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...and sometimes, it's because I've been looking for one for years!

Like this late 1920s slant bolster jack knife shown in the center.

The tang stamps are cool though. On the top knife, you can see how dark the tang stamp is - that means it was struck before heat treatment. "GERMANY" is a lighter color, and I think it was cold stamped after heat treatment. To me, this means this knife was probably one of the first knives imported into the U.S. by Boker after the 1891 Tarriff.

The middle 1920s knife has the H.BOKER&CO'S/IMPROVED/CUTLERY stamp, but someone ground or filed it away! The TREE on the back side is still there. Why would someone do this? I think it was some American patriot who liked Boker knives but did not want a German company tang stamp on his knife. So in the years leading up to, or during WW2, he "modified" the tang stamp. I've heard this was done, but this is the first I've actually seen in person!

The bottom knife is from the mid to late 1930s. This is the block BOKER stamp that preceded the BOKER/USA stamp.

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Just wanted to add: I know sometimes knife companies will grind away their logo on knives with manufacturing defects, but I think if that were the case, Boker would have eliminated the TREE stamp also.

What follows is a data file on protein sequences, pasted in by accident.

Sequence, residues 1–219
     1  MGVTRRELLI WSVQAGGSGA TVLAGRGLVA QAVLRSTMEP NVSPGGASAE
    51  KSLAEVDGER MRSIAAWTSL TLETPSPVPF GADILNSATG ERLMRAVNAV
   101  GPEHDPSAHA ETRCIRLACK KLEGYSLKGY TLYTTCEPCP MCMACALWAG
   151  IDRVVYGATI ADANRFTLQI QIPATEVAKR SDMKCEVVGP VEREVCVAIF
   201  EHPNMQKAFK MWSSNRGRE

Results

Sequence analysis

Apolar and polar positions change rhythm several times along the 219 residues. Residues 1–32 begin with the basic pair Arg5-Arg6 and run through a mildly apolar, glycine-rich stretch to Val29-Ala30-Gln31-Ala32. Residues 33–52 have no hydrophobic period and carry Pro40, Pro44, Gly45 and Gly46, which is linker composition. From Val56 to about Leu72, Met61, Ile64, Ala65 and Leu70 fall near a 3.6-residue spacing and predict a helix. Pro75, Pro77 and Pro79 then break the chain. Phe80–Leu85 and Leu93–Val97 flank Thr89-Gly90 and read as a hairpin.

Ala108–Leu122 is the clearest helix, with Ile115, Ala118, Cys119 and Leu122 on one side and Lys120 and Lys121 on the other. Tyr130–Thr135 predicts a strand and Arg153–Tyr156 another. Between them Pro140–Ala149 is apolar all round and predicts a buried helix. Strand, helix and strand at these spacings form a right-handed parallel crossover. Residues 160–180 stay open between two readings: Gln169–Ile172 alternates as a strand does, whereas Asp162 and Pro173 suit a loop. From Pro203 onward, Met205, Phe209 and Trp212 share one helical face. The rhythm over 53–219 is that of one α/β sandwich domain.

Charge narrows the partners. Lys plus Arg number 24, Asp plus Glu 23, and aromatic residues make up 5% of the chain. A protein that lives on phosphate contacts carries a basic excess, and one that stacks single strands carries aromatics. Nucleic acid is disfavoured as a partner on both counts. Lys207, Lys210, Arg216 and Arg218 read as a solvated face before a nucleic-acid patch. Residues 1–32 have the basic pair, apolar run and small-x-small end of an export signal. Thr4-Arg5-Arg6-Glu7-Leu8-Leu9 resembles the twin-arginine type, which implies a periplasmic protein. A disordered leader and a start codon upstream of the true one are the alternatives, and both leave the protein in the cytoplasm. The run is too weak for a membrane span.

Forgot to add the pattern number: 9463. Just like this one from a 1928 hardware store catalog.

Hey Ricky,

  I have some factory seconds, though this is the only picture of one that I can find at the moment. None of the ones I own or have seen ever had the tree stamp ground off though. Also, I have never heard of people actually grinding off the tang stamps for personal reasons. That's not to say that it never happened; I just have never heard that before.

I'm confident this knife is a factory second most likely due to the way the bone was finished directly above the shield. Other than that issue, the knife is perfect. I bought this knife from Don Richardson and he listed it for sale as a factory second.


And the Tree still remains?

Perhaps it is a factory second after all!

Thanks for sharing that!

Yep. The tree stamp is still on this one. 

One of the first hooks for me in knife collecting was different tangs and different shields on the same style knife.  I am a tang stamp junkie even today!


Marking a "2cnd" rarely requires elimination of an entire stamp. Others are merely "marked" as seconds. For instance .. Daniels Family Queen's 2cnds were etched "EDC" on the blade .. A.G. Russell placed an indelible mark on the ricasso  .. etc. Some 2cnd's marks are known .. others are not. I'd inquire with a real BOKER aficionado.

Haha, if Roger Russell says it, that's good enough for me! When it comes to pre-war Bokers, he is as real as it gets.


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